Q&A with Olympic Swimmer Mack Horton

1. Can you explain what the standard anti-doping testing process looks like in swimming – for both an in-competition and out-of-competition test?

Testing and the way it is conducted isn’t specific to swimming, testing across all sports is carried out in the same way. The first step of the test is for a Doping Control Officer (DCO) to identify you (typically with a driver’s license) and notify you that you have been selected for a doping test. At this point they will notify you on the type of test – Blood & Urine, Urine Only, or Blood Passport. Once you have been notified someone from the testing agency must be able to always see you until you give a complete sample.

In my case, this usually means about an hour of them sitting next to the pool as I do laps. If the test is one involving a blood sample, the DCO will usually try and grab me before I get in the pool first thing in the morning as you are not allowed to have exercised for 2 hours prior and must sit still for 10 minutes immediately preceding the blood collection. Blood collection is always done by a pathology nurse. Once I am ready to deliver a sample (pee) I’ll be escorted to the set-up testing station (either a marshalling room if at the pool or my home bathroom if the test is at home). Athletes are given a selection of beakers to choose from randomly, this is to ensure they can’t be tampered with. During the test you must be bare from your armpits to your knees and the sample being passed must be visible to the DCO the whole time so they can ensure you are not falsifying the test.

Once you have delivered your sample you sit down with the DCO to separate your sample from the beaker into an ‘A’ and a ‘B’ collection vessel. These are basically just glass jars with lids that can’t be undone without breaking an internal mechanism which would identify the sample has been tampered with when it arrives at the lab. Athletes’ samples are then sealed in a single use plastic pocket and boxed away. At this point once the sample is sealed and the athlete is satisfied, the sample is under the responsibility of the DCO to have delivered to the testing lab. In Australia, I believe our testing lab is in Sydney. It is worth mentioning that at any stage before delivering a sample, athletes are free to inspect all vessels/seals/boxes/needles etc for contamination or damage and may decline using that particular one and exchange for another if they aren’t content with its appearance or performance.

Once the sample collection is complete, the paperwork begins. This involves contact details, date, and time of test as well as time of sample delivery, temperature (if blood), a questionnaire around altitude training or extreme heat stress in the lead up to the test, ensuring sample numbers are correct on all aspects of the test (collection vessel, paperwork – sometimes handwritten, sometimes a sticker kit). The specific gravity is also recorded, this is a metric that measures how hydrated you are, and it must be above a threshold otherwise the test is invalid and must be repeated. This happened to me after my 1500 in Rio and meant sitting in the doping control office for 2 hours – it’s quite common as athletes need to be hydrated to continue to perform particularly over longer events. Filling out the paperwork is also an opportunity for athletes to declare any supplements or medications they have been taking. Declaring supplements and medications is important in the case of a positive test from a contaminated substance, as it builds a strong case for an athlete’s intention to comply with the rules. Regardless, it is best practice to declare anything that isn’t food, even if it has been independently tested and sourced from a supplier like Batch Tested. Batch Tested also keeps a record of batch numbers, expiry dates and accreditation certificates for all products supplied if an athlete requires this information during the testing process.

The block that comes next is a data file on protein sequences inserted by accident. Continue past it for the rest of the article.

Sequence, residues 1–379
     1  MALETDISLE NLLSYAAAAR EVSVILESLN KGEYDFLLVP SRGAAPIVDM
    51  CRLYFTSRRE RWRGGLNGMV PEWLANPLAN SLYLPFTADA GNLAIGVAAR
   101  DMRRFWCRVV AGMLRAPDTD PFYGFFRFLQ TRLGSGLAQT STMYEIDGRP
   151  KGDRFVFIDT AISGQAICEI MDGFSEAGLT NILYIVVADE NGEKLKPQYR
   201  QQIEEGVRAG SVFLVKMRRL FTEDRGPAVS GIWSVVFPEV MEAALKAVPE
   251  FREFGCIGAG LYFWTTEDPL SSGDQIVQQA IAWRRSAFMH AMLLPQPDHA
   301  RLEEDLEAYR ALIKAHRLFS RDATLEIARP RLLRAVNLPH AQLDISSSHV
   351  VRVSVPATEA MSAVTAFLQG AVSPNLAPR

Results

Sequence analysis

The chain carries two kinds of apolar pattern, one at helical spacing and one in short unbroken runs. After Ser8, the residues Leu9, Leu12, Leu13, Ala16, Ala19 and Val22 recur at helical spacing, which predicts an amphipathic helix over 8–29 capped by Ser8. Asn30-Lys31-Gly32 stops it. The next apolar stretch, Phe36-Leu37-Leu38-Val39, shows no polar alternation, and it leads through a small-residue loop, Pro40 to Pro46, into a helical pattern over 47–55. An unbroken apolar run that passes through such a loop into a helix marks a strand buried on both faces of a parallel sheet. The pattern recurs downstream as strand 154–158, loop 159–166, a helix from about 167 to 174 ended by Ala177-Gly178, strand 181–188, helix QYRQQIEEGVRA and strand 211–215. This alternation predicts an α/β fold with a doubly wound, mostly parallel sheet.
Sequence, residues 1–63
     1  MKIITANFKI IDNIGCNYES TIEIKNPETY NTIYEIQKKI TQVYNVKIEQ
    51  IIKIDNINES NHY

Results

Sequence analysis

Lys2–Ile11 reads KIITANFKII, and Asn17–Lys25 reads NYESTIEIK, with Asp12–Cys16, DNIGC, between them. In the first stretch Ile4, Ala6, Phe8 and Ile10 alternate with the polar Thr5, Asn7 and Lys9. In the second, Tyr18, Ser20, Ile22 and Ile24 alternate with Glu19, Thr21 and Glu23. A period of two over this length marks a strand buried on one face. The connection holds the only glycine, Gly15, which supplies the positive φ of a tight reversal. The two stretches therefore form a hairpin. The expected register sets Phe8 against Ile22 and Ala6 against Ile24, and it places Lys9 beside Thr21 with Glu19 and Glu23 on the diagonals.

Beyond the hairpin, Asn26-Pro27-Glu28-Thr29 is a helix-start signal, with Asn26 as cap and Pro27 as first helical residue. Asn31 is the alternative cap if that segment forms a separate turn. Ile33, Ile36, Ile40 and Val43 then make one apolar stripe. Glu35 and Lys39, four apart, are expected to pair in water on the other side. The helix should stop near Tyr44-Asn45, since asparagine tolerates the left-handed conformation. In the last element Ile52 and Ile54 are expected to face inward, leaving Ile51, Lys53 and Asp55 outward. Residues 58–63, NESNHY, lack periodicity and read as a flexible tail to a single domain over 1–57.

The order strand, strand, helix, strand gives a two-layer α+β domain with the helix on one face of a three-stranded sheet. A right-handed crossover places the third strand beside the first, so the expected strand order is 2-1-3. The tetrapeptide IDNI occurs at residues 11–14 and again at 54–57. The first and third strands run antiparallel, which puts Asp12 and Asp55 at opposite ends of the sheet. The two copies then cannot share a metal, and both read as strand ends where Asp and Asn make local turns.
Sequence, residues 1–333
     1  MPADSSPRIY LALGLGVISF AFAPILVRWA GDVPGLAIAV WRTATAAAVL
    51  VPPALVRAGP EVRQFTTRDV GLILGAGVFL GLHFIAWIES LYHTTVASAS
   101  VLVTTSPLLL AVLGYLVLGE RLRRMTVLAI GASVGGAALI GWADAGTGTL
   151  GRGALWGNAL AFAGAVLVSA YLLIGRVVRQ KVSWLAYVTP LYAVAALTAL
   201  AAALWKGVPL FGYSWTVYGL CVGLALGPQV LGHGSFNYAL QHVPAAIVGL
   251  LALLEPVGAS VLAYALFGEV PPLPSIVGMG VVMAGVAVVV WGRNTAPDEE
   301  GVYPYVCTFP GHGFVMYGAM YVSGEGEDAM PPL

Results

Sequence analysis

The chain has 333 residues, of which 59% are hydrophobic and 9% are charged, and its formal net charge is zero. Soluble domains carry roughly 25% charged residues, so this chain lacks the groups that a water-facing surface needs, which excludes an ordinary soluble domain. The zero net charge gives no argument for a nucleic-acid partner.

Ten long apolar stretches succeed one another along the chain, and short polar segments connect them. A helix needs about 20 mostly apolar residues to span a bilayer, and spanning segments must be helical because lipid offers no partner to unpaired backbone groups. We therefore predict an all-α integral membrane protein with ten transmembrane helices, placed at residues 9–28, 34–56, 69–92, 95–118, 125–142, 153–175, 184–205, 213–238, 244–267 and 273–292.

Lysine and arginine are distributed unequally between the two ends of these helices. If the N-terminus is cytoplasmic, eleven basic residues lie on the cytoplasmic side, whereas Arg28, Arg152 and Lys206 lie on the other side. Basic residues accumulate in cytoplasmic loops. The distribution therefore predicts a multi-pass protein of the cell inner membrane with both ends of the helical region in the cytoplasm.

Once declarations are complete, the last step is to sign off on the paperwork and get on with your day. Athletes are given a complete copy of the paperwork and so too is the anti-doping agency. An incomplete form is given to the testing lab with only the sample numbers and athlete supplement declarations to ensure anonymity in the testing process.


2. Were you selected for a test in Tokyo, and if so, was the process any different?

Yes, I had 1 test in Tokyo. During a ‘Village style’ competition, DCO’s typically roam around team buildings and find athletes they have on their list for the day. If they don’t get you in the village, you are pretty likely to be tested at the pool during competition if you make a final or medal. If you break a World Record you must be tested for it to be valid. The testing process is identical around the world, the only difference is when you are on team, an Australian Doctor will join you to ensure the process is adhered to properly.